Java Edition 1.11 and 1.12: /replace water with air

You may build a one-block-high wall at the water’s edge and add sand/gravel blocks so they fall into the water; this is simpler to accomplish in construct mode; alternatively, I believe MCEdit includes a tool to change one block type with another (in an old version at least)

There are two effective methods for doing this, which I refer to as The Gravity Method and The Fire Method. Both were put to the test in this 8 × 8 area in a shallow river to see how they compared:

The Gravity Method

I’ve used the gravity approach (using the method flavuit stated for speedy removal), but with a combination of gravel and sand — construct a pier out to where you want to dig, then drop gravel to wall off the draining region.

Sand is used to fill in the gaps. This makes it easier to determine which walls should not be removed. (We were emptying a large area and had to grid it out so we could work in portions before we ran out of sand.) A bucket of water, together with a stack of ladders, makes easy work of the torches. (We worked on it for days before I figured out the torch technique)

Fill the region with a gravity-affected block (either sand or gravel). Place the blocks in the same location as rapidly as possible while letting them fall to the bottom. Rep this process until the entire area is covered in sand or gravel. In one of the corners, dig down to the bottom until you reach a solid block beneath the gravel.

Either instal a torch under the solid block holding up the gravel or remove a block beneath the solid block holding up the gravel. Destroy the block above the torch and absorb all of the blocks that have fallen. Rep this procedure until the entire space has been drained.

To speed up the filling and removal phase of the operation, another option is to use gravel or sand. Get access to the area you wish to clear so you may fill it with gravel while standing above the water’s surface. It’s not tough since each block you place on the surface sinks until the column is filled.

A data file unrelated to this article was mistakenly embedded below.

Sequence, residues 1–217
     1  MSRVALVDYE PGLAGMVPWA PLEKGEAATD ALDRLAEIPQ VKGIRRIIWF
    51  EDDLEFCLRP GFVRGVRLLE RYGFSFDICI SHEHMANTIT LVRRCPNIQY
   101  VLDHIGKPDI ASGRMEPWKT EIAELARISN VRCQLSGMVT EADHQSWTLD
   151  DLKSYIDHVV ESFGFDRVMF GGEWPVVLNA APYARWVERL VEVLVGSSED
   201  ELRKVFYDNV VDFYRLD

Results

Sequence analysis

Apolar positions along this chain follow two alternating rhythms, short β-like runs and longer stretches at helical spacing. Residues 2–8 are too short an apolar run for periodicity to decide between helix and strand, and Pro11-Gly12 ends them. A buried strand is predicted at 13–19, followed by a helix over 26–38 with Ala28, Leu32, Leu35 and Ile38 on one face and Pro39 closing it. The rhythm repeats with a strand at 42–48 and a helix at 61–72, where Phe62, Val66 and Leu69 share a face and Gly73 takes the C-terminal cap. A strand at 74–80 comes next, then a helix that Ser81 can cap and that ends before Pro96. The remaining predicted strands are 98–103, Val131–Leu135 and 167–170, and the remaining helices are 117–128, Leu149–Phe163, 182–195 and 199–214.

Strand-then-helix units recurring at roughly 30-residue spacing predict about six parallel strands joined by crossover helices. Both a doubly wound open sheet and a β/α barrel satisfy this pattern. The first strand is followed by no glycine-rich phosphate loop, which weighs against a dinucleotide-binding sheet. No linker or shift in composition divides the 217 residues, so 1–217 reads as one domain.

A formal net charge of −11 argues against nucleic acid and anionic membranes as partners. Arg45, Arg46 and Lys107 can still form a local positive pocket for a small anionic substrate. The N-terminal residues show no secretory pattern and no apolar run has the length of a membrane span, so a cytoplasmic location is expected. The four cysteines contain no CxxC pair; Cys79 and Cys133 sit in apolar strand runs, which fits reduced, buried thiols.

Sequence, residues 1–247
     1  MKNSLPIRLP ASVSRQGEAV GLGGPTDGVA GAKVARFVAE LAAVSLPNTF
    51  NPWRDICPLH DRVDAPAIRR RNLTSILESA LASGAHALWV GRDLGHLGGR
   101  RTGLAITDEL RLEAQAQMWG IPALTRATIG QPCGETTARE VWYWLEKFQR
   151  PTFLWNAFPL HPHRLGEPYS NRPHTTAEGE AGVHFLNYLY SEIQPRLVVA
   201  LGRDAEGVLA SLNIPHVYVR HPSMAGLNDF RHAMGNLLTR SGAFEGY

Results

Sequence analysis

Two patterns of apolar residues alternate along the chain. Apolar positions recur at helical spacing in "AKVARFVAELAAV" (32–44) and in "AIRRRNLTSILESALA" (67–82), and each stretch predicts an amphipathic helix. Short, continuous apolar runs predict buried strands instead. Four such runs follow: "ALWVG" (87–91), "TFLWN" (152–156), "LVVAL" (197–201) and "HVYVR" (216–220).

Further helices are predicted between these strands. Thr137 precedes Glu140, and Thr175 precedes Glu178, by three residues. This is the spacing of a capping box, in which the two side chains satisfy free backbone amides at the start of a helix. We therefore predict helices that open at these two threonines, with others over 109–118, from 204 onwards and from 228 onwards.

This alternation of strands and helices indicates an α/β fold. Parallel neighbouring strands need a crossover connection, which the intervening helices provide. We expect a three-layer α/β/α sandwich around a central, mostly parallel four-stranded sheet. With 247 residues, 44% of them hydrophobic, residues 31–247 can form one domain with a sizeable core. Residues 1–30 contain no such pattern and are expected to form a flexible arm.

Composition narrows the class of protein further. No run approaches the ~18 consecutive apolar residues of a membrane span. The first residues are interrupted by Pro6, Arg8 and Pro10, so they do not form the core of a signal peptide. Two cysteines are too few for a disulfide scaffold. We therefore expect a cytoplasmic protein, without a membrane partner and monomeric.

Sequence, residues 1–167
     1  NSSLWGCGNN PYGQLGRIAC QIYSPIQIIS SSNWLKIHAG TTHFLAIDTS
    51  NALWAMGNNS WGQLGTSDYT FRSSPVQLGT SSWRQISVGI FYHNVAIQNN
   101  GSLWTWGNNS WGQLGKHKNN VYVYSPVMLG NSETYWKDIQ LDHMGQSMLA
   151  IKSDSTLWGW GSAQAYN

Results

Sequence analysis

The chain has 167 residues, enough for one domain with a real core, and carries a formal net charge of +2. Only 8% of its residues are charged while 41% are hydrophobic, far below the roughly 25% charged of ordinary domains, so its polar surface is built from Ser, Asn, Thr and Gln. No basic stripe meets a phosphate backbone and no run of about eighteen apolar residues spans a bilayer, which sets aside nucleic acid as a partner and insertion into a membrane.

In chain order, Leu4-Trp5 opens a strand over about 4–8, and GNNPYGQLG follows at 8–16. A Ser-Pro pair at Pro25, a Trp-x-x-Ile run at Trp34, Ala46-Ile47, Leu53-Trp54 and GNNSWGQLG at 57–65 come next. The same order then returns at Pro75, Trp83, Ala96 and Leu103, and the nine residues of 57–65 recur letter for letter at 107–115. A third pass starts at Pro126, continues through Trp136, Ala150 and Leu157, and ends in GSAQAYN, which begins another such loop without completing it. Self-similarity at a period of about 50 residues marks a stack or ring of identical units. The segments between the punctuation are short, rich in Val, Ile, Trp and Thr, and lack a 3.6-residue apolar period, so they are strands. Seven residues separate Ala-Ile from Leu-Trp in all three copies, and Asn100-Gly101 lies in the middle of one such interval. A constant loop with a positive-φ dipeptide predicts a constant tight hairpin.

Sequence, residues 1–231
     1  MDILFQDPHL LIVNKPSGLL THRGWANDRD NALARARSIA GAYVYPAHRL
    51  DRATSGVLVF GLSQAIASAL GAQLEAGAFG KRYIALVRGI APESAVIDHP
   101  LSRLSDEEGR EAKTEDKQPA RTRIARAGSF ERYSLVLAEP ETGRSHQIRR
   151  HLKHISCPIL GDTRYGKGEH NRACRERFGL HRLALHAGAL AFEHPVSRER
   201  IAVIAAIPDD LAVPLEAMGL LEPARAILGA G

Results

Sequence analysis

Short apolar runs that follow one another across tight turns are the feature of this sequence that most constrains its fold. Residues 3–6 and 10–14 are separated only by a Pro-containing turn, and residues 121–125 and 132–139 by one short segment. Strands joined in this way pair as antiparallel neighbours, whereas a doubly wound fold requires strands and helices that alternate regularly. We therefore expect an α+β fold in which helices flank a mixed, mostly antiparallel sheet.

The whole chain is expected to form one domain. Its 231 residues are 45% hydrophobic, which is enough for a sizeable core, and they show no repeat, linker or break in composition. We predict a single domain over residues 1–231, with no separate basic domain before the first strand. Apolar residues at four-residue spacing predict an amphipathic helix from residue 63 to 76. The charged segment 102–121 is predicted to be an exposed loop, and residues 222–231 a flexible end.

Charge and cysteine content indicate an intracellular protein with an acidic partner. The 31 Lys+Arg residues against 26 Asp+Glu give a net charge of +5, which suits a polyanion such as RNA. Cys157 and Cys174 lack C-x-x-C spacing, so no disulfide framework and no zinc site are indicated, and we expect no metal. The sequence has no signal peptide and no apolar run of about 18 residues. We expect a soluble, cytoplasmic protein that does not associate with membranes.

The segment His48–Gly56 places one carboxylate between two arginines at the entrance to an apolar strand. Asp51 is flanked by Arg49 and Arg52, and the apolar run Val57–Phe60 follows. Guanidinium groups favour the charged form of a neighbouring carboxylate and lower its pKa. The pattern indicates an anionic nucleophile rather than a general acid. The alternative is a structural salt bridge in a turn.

Rep this process for each block of water you wish to remove. The remaining work consists of removing the columns that now stand in place of the water. Dig down into one of the water body’s corners until two solid blocks of gravel are visible beneath the lowest block of gravel. Add a torch after you break the bottom block.

Break the torch and all the gravel will break on it.

The Fire Method

This procedure will only work if the area’s exterior barrier is not combustible; otherwise, a massive mess will result.

To begin, fill the space with combustible bricks. To demonstrate, I used wool, but a more cost-effective alternative would be to use wooden boards or cut leaves from trees.

In Minecraft, the fire technique is perhaps the quickest way to remove water.
Wool, wood, or leaves can be used to fill the desired water space. When the region is clogged with materials, start a fire using steel and flint. This method will eliminate both the substance and the original water, leaving no trace behind.


Looking at the end data, it’s clear that the Gravity Method needed me to dig deeper than the Fire Method, which took longer.

Overall, the Fire Method was faster; it took longer to load the space with blocks, but it only took approximately 30 seconds to burn all of the wool away. My particular favourite was the Fire Method.

The Gravity Method does not need you to get in the water if you do not want to get wet; otherwise, the Fire Method should dry you off after a delightful swim.

World Edit Method

If you have access to worldedit, you can use your wand (/wand) or /pos1 and /pos2 to choose the region, then use the command /replace water air.
All of the water in the vicinity will be replaced by air as a result of this.


In Minecraft, there are a few different ways to get rid of water. Which option is ideal for you is determined on your situation and the resources available in your area. In any case, with our assistance, you’ll be home and dry in no time.

Grayson Uppington, a former professional CS:GO player, has channeled his expertise into creating insightful content for Aimprac. With ten years in the gaming industry, he crafts detailed guides on aim training, game strategies, and tutorials.